A Gold Star for Zog by Julia Donaldson, illustrated by Axel Scheffler
Zog is a young dragon who desperately wants to win a gold star in his dragon classes. Unfortunately, he isn’t having much luck. Flying classes ended with him crashing into a tree, though he was patched up with a band-aid from a young girl. In Year Two, Zog learned how to roar. The same girl, a little older now, offered him a peppermint for his scratchy throat after he tried too hard. The next year, Zog learned how to breathe fire but set his own wing on fire. Again, the girl was there to bandage his wing. The final test was to capture a princess. Zog tried and tried, but could not manage it. The girl showed up and revealed herself as a princess and offered to be captured by Zog. Zog got a gold star from his teacher, and the princess revealed herself to want to be a doctor instead. To find out how it all works out, you will have to quest into the story for yourself.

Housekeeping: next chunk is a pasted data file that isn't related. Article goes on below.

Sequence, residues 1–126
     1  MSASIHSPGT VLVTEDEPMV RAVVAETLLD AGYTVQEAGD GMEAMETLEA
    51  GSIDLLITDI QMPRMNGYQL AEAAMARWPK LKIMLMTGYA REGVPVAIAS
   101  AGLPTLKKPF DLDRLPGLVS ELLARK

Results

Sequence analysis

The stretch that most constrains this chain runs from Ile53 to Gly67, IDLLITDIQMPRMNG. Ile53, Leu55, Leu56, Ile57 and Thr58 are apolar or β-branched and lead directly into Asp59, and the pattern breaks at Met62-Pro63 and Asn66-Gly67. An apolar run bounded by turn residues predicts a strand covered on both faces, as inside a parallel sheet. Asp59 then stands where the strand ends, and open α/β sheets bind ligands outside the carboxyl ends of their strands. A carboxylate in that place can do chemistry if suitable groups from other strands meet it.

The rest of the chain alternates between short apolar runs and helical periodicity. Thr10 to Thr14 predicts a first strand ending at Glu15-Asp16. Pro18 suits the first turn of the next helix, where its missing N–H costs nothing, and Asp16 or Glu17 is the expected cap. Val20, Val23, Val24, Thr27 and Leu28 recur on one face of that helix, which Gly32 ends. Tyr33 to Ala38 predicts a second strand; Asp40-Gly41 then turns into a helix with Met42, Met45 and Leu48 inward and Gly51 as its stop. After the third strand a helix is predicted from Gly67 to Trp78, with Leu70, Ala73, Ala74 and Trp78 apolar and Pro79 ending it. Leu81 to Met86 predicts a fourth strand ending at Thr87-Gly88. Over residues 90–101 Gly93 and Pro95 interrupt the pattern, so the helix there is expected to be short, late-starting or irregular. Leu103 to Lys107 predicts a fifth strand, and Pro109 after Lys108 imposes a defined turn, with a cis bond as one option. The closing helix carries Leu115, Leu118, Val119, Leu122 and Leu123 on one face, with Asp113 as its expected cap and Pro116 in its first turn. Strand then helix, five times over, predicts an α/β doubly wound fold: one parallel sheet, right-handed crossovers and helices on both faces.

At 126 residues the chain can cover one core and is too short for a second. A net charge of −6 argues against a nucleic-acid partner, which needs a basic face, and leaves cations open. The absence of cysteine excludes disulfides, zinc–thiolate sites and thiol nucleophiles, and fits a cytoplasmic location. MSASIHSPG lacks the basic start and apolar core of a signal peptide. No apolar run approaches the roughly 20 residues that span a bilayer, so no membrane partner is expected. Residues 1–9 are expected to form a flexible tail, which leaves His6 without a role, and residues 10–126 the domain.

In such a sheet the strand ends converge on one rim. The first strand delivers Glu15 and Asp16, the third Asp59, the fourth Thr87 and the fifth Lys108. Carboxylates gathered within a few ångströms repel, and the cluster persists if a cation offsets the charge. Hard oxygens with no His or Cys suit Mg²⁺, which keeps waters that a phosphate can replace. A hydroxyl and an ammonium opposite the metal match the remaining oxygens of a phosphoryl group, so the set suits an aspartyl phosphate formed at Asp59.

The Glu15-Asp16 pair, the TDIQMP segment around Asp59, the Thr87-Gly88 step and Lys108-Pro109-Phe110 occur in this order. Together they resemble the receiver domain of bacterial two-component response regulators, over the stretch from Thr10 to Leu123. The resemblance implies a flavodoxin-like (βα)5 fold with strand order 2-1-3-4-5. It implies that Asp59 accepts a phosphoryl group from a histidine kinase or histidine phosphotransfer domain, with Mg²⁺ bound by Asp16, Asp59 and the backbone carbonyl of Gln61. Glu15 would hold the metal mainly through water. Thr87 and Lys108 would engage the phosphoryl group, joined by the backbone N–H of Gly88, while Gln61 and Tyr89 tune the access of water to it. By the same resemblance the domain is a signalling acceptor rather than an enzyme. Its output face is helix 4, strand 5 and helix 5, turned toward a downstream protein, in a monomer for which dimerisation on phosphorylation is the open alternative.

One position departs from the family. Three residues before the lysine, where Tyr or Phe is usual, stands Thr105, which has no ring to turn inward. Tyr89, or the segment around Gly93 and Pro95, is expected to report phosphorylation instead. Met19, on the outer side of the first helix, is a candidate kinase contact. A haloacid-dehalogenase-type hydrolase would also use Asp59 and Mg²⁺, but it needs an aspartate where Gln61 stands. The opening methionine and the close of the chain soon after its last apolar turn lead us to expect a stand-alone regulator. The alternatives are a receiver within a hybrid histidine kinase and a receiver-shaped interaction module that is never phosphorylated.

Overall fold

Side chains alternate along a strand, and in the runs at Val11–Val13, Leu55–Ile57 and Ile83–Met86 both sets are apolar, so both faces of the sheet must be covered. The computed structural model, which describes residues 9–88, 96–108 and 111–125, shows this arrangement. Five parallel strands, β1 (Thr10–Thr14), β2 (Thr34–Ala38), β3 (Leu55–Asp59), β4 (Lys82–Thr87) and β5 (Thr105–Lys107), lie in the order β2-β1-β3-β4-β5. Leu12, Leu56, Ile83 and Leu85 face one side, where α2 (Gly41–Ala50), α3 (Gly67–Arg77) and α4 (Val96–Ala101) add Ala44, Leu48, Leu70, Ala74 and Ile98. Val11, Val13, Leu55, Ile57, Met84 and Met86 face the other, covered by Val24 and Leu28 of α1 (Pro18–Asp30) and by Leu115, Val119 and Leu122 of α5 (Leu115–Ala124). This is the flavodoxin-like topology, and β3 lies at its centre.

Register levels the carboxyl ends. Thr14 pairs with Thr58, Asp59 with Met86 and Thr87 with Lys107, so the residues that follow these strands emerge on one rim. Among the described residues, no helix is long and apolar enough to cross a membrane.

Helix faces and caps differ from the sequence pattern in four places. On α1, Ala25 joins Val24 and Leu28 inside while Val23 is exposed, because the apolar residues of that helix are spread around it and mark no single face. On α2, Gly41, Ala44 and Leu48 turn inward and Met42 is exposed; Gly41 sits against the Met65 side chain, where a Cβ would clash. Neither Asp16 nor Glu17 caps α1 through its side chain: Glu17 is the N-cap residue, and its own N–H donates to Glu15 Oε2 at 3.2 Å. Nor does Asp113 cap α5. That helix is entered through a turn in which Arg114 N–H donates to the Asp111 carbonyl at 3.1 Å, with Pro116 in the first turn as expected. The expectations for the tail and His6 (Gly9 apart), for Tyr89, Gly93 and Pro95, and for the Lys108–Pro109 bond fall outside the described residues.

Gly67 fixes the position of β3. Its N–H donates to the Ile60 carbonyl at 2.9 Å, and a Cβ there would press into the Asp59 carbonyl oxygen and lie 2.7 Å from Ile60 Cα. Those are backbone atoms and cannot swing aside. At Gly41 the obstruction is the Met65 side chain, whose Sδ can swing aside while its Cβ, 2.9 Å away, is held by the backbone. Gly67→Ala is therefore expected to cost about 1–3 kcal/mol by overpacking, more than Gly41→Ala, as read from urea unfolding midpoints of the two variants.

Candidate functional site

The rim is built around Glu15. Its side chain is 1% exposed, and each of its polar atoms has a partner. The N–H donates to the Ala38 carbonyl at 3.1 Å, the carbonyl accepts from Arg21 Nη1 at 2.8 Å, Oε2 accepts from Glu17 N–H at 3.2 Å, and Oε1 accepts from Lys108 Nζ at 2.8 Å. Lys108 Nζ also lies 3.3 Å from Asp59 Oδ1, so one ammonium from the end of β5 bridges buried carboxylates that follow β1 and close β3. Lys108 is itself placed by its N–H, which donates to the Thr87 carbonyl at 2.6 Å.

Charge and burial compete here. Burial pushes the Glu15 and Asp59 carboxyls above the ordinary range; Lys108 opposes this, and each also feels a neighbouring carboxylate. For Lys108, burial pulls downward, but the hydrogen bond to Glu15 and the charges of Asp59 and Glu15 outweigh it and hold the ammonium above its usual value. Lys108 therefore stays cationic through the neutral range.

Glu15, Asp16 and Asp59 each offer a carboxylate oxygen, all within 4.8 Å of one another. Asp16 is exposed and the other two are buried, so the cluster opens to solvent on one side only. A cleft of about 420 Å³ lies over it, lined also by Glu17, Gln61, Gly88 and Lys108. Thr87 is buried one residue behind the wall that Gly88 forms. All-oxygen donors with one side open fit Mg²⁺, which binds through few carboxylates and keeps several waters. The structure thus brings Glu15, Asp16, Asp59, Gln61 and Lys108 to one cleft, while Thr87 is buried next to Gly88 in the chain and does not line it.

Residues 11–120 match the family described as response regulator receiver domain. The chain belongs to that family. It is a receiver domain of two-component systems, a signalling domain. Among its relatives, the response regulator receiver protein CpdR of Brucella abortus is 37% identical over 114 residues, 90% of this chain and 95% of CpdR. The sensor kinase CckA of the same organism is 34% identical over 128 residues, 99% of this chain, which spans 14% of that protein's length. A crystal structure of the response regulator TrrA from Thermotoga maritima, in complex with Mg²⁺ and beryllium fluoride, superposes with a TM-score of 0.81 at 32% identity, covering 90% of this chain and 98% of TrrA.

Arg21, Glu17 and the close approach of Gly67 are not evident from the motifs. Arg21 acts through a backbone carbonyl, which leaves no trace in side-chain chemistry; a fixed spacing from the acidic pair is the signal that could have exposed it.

Told in a rhyme that is great fun to read aloud, this book is fanciful and humorous. Donaldson has nicely melded dragons and princesses with a classroom setting, achievement and aspiring to be something else. The princess character is nicely integrated throughout the story, though at first readers are not sure she is anything other than a girl with a medical kit. That reveal is done nicely and then her further dreams to be something else add a freshness to the tale.
Scheffler has created zingy art filled with bright colors, action and plenty of prat falls. The class of dragons in a rainbow of colors alone is enough to brighten any book. Scheffler’s style keeps the dragons friendly and cartoon-like, making the book particularly fun to read.
A great pick for reading aloud to elementary and preschool classes, this book’s dragons and humor will have it soaring high. Appropriate for ages 4-6.
Reviewed from library copy.